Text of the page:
“When I told my dad we were doing this,” Spielberg remembered, “he only said one thing: ‘Atta-boy.’ ”

First, though, was the key question: How to approach such a vast, amorphous topic? The filmmakers were committed to sticking with true-life accounts, and yet they knew of no single volume that offered an ideal story line.

The ‘Traffic’ approach

Bruce McKenna, who would go on to write the bulk of the series, recalled an early brainstorming session in 2003. “I came up with the idea of trying to do it like [the movie] ‘Traffic’ -- finding three or four guys to pull us through,” he said.

The search for those stories involved interviews with dozens of military veterans and an exhaustive perusal of all of the Pacific war literature. “I must have read 50 books,” McKenna said. Out of the morass emerged “Helmet for My Pillow,” the bestselling memoir by Robert Leckie, a former Marine machine gunner, and “With the Old Breed,” a classic tell-all by Eugene B. Sledge, an ex-Marine mortar operator.

Filmmakers also liked the well-documented story of Sgt. John Basilone, who won the Congressional Medal of Honor for his heroism on Guadalcanal, where with a machine gun he single-handedly held off some 3,000 Japanese troops.

The critical question was whether there was a way, using the real facts of the three Marines’ lives, to unify their disparate accounts -- to, as Spielberg described it, create the best “handoff” from one character to the next without the result coming across like three different films.

“Then I had one of those great moments,” McKenna said. “I found out that Sledge’s best friend, Sid Phillips, served on Guadalcanal with Leckie’s company. They weren’t buddy-buddy, but it was a good-enough connection that I knew we had a miniseries.”

Work only intensified after that. DreamWorks (Spielberg’s company) and Playtone (Hanks’ company) initiated interviews with surviving wives, brothers, children and friends of the three main characters, all of whom are now dead. (Both Leckie and Sledge died in 2001; Basilone had been killed in combat.)

“Massive amounts of research was done about these battles,” McKenna said. “What would a young man in combat see? Historians don’t always write about that stuff.”

Thirteen scripts were written; at Hanks’ insistence, the number was trimmed to 10. Meanwhile, special pains were taken with the casting. Actor Joe Mazzello, who as a 10-year-old played Tim Murphy in Spielberg’s " Jurassic Park,” won the role of Sledge -- but only after five auditions. “The last two were in front of Steven Spielberg and Tom Hanks,” he said. “If you weren’t nervous, there was something wrong with you.”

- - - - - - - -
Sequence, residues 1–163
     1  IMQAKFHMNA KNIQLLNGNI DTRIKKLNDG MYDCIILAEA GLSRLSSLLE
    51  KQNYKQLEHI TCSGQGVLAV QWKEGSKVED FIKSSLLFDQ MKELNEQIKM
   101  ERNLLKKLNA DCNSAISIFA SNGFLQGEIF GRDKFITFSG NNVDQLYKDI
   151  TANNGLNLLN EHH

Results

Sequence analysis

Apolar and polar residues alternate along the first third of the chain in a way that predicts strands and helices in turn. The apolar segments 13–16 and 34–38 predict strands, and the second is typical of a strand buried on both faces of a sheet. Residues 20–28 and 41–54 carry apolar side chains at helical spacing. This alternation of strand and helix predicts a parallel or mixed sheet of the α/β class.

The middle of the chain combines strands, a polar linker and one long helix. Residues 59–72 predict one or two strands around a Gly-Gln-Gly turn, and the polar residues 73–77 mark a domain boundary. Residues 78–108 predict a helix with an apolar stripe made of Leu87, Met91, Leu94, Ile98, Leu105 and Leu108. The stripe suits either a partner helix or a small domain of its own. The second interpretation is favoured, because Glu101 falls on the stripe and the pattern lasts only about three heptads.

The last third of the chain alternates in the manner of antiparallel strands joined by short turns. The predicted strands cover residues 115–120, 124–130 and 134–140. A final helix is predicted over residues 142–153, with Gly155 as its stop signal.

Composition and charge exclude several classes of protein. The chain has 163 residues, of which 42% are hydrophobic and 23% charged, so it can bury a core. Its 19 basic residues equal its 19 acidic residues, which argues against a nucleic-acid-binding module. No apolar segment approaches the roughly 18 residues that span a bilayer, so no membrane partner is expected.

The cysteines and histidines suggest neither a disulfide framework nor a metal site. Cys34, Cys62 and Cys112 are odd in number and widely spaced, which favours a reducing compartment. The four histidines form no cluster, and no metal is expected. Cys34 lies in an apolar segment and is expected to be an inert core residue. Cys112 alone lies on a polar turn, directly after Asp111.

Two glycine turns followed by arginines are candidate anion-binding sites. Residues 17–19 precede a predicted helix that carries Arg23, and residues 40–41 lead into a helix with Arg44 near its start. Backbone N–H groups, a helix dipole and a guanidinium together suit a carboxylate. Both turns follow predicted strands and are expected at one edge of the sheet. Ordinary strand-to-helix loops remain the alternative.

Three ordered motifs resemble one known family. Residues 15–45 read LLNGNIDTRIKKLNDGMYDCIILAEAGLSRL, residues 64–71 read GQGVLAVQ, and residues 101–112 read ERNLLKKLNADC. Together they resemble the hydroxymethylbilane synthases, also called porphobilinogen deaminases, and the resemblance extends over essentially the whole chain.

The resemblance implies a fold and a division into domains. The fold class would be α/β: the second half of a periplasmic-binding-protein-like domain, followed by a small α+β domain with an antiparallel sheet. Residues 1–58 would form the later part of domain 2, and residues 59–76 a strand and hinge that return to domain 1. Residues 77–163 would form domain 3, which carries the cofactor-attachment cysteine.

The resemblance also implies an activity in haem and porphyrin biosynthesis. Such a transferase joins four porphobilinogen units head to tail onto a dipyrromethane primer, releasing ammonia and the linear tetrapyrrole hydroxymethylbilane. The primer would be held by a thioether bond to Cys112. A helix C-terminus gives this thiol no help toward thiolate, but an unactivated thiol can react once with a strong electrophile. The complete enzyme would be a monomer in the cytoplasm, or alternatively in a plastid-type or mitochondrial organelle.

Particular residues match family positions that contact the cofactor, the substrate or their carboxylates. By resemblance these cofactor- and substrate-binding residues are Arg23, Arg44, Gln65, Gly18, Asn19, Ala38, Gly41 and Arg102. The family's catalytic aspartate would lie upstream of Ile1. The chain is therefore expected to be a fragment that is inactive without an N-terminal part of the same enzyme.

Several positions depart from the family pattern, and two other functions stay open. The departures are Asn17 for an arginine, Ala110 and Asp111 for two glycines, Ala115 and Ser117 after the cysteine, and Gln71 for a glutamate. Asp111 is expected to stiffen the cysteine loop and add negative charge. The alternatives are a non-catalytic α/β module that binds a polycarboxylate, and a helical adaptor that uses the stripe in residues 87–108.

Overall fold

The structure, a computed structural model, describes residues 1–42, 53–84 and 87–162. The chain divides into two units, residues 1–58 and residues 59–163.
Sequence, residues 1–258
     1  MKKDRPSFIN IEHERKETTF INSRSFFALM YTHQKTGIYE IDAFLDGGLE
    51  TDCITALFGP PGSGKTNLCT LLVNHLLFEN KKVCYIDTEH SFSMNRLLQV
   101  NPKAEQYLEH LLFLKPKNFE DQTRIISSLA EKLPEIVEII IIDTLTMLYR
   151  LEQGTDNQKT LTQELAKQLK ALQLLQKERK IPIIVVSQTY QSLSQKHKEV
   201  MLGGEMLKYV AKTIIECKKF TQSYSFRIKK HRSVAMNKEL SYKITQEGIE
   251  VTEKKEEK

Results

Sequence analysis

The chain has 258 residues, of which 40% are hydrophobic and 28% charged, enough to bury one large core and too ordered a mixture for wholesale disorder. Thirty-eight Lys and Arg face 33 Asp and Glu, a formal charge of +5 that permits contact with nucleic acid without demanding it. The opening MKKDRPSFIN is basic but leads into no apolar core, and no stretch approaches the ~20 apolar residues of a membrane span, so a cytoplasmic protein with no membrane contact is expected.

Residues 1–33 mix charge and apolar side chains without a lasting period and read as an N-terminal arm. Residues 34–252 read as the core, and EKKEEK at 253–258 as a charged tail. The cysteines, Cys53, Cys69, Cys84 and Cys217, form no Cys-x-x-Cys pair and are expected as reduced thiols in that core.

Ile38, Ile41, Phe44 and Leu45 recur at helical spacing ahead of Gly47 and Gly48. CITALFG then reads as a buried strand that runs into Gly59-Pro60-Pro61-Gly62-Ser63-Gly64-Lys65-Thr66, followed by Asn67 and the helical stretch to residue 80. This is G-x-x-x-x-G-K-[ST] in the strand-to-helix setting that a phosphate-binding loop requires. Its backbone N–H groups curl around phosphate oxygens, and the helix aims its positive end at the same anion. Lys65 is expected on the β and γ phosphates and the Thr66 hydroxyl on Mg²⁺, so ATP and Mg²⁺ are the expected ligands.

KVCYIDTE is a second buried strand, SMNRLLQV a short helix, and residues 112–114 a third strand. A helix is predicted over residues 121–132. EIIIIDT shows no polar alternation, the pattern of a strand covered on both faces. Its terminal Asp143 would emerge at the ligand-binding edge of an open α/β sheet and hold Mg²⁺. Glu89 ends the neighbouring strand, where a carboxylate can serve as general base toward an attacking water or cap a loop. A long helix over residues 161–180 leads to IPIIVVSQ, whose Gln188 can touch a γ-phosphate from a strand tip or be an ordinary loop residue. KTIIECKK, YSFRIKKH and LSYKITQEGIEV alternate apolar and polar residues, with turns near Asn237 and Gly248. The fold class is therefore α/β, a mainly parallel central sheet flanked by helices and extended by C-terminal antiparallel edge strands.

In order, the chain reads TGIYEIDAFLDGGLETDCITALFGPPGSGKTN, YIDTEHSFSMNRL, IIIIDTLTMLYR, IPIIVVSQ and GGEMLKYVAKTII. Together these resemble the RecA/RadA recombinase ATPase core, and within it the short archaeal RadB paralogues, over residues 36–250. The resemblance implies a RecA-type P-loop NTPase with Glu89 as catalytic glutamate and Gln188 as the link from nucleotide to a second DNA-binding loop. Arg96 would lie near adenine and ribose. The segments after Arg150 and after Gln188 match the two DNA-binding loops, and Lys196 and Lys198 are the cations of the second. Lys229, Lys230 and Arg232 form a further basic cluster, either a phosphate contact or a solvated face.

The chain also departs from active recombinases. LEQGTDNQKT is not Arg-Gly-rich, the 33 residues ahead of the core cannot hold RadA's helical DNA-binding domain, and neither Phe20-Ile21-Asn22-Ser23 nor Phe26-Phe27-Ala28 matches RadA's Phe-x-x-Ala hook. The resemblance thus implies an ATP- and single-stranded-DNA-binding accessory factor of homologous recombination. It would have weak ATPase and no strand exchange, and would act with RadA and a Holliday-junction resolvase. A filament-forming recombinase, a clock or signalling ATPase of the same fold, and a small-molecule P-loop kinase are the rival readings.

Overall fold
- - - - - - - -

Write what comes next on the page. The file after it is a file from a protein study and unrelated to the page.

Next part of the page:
HBO officially green-lighted the project in 2007. Though anything but big-name stars, those selected for the parts were well-regarded young actors who were put through intensive preparation.

“After I got the part, they sent me 1 or 2 million pages of research,” Mazzello joked.

“They sent me a box that must have weighed 50 pounds,” said James Badge Dale, who had done TV work in the series “24" and who was cast as Robert Leckie. “Book after book after book.”

Actors also endured a 10-day “boot camp,” much like the simulated combat training that the “Band of Brothers” cast went through. The punishing war games were designed to forge the mind-set of soldiers. Conducted in north Queensland, Australia, where the island jungle and beach scenes would be filmed, the exercises involved digging ditches, camping in the jungle, living on three hours of sleep and twice-daily rations, and trekking in 40-pound packs. The men practiced hand-to-hand combat and trained with rifles, machine guns and mortars.

Nighttime “enemy” raids were followed by calisthenics at dawn, and then a four- to five-mile run in formation, said tough-talking retired Marine Corps Capt. Dale Dye, whose company, Warriors Inc., specializes in staging the boot camps.

Actors laughed recalling the sheer ordeal of the training.

“I lost 12 pounds in 10 days,” Mazzello said.

Actor Jon Seda, who plays the role of Basilone, was once an amateur boxer and called the boot camp “definitely the most physically demanding thing I’ve ever been a part of.” Yet he credits the training for molding the attitudes and the familiarity with weapons and procedures that make the series work. Like other cast members, he came to appreciate the magnitude of what the real Marines must have gone through during the war.

Setting up for Basilone’s heroic scene, Seda recalls being puzzled by the proximity of the machine gun to the point where the Japanese breached a wire fence to attack. His first thought was, “This must be a camera trick. It looks close here, but when they shoot it, it’s going to look far away.” Director David Nutter set him straight. “He said, ‘No no, this is to scale. That’s how far it was,’ ” Seda said. “I couldn’t imagine.”

Little-known battles

Filming lasted 10 months. McKenna likened it to shooting 10 separate $20-million movies back to back.

“It was incredible,” he said. “It’s a particular art to ferret 1,100 days of combat down to 10 hours . . . distilling the truth, the essence of what it was like for these men. We have officers who peed their pants in combat. There are Marines who defile dead bodies. ‘Pacific’ will probably be the most violent 10 hours that will ever be put on television. But there is not one gratuitous second.”

Screenwriter Graham Yost, who also directed one of the parts, found something appealing about showing battles never before depicted in film.

“There were a hundred D-days in the Pacific,” he said.

HBO’s one concession to the relative anonymity of those clashes will be to air short, documentary-like introductions to each episode, explaining how Peleliu, for example, fit into the larger picture of the war. Hanks does the voice-over, noting that Gen. Douglas MacArthur coveted an airfield there that the U.S. military captured but didn’t need.

For Mazzello, the needless waste of so many lives makes the sacrifice all the more moving.

“They did what was asked of them and hoped it was important,” he said. “Just because it wasn’t, doesn’t mean we should forget about it. In some ways, it should be even more memorable.”

calendar@latimes.com